Friday, March 16

That'll Learn 'Em

Thought I might share with you some highlights from the seven pages of recomendations (omitting the three for elementary and middle schools) for the new dress code school uniforms mandated attire for Indianapolis Public School students in grades 9-12, beginning next fall. By the way, the switch from "school uniform" to "mandated attire" as a descriptor is just one of the accomplishments of the Dress Code Task Force, and may give some insight as to why such a thing would require a quarter-pound of paper as opposed, say, to two paragraphs. This is the very reason why the committee system can't be improved upon when ass-kissing, rubber-stamping, and thinking muddled beyond the capabilities of most individuals acting alone are the order of the day.

First, a word about the provenance of the proposal, which will now go to the School Board for approval: the Superintendent appointed the Dress Code Task Force (you're forgiven for thinking I made the name up) then handed them two proposals for comment and totalitarian embellishment. The proposals were a) require school uniforms; or b) require school uniforms in a different color. You're forgiven for imagining that was me making a little joke. The actual distinction between the two was that the second, which held sway, allows high school students to wear their school colors. Wolverines!

This is a part of an ongoing process in American public education to raise public awareness and respect for school administrators to the level now occupied by celebrity chefs. IPS also hopes to gain national recognition as a leader among urban school districts in addressing the concerns about public schools raised by white suburban parents who are less likely to send their own children to one than be seen driving a subcompact car. That's the wind-up; here's the pitch:

Pants and/or shorts (males): solid navy, black, or khaki. Shorts must be limited to 2" above the knee. Fastened at the waist, with a belt set at or above the hip. No blue jeans or denim. Females get to add Capri pants and skirts.

Shirts and blouses: with collars, in school colors. No logos other than school logo. Tucked into pants at all times.

Sweaters, sweater vests: school colors. No hoods.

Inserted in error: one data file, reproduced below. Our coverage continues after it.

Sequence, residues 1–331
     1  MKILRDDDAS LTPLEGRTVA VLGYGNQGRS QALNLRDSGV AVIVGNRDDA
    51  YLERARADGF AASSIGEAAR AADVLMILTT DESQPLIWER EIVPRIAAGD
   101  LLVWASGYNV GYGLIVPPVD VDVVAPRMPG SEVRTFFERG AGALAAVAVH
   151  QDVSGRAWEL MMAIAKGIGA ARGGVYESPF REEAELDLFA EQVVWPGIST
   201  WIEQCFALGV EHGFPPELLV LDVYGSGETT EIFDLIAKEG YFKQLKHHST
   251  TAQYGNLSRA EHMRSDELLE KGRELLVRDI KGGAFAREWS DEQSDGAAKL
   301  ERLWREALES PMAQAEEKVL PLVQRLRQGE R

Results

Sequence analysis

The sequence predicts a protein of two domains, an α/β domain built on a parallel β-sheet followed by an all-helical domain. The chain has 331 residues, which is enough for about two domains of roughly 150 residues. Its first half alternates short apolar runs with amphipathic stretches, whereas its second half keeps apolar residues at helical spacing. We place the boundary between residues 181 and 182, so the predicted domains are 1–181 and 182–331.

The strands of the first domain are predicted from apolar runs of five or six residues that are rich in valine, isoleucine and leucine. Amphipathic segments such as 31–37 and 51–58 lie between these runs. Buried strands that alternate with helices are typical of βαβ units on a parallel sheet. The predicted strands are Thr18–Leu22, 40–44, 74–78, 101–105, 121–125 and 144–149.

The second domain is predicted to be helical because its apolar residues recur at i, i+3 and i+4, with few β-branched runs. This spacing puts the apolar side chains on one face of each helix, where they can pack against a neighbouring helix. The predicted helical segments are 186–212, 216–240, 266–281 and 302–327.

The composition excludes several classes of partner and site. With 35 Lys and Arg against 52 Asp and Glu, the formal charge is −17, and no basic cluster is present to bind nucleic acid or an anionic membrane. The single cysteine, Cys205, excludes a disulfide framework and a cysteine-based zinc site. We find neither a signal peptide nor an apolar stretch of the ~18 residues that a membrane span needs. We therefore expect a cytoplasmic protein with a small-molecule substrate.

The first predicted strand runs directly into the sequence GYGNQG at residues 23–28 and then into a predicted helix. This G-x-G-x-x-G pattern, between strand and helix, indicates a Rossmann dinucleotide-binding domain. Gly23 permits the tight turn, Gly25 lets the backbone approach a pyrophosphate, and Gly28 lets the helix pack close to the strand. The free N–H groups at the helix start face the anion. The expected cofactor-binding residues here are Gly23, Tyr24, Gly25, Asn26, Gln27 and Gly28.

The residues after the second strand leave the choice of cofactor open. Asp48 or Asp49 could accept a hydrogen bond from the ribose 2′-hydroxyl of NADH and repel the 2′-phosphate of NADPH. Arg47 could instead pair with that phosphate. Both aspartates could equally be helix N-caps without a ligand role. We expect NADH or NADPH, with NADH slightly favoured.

Shoes: white, black, or blue gym shoes. White, black, blue, or brown dress shoes. Females can wear heels. Heels may not have open backs. Shoelaces must match.

Belts: solid black, blue, or brown. No logos.

Socks or tights: solid white, blue, black, or brown.

T-shirts worn under school attire must be solid white.

Girls' undergarments must be solid white.

Quote: Handbags, purses, pocketbooks, and similar items must be no larger than 8.5 x 11 inches (size of a regular sheet of notebook paper), 3 to 4 inches thick and must not be large enough to contain a regular size textbook.

Had enough? Because after all that there's a full page (8.5 x 11, size of a regular sheet of notebook paper) listing restricted attire, as though the three previous pages of Hitler Youth fashion hints weren't specific enough. (Samples: no hats, no over-sized pants or shirts, no cargo-style pants, no sweats, nylon, spandex, tight fits, ruffles, tank tops, tube tops, shiny materials, leggings, sandals, hair rollers, combs, picks, pouches, scarves, do-rags, bandanas, sweatbands, sleeve garters, spats, bustles, or mustache wax. I made the last four up, but I'm considering writing in to demand their inclusion. I once failed an alegebra quiz when a Barbershop Quartet turned up in the hall during the expansion of a particularly tricky binomial.)

There's a note at the end of that list, which says that "approval for certain religious customs are permitted by approval of the school administration, i.e. Muslim female head coverings, Jewish male head covering." Which suggests, first of all, that either Mennonites, e.g., aren't welcome at IPS, or they are welcome but their religious customs aren't, or somebody there doesn't know the difference between "i.e." and "e.g." And the whole thing suggests just what level this martinet self-promotion scheme has reached--go ahead, try kicking a kid out of school because his religious attire wasn't pre-approved.

And that matter actually gets funnier (both "ha-ha" funny and "gee this milk tastes" funny) after a quick page-long explanation of what disciplinary action will be taken, or at least considered, for the first five offenses. That's where we run into the outline of the procedure for a parent or guardian to request a waver of the "IPS Student Uniform Dress Policy" (the section was obviously prepared before the Task Force finalized its Resolution of Committee Thoughts on Nominalization). A waver may be requested on religious, philosophical, or medical grounds. Philosophical grounds. I love that. Who's excused, do you suppose? Sceptics? Nihilists, sophists, existentialists? Nudists? They are required--this really tells you all you need to know--to contact the school to request an Application for Exemption from Uniform Dress Policy form.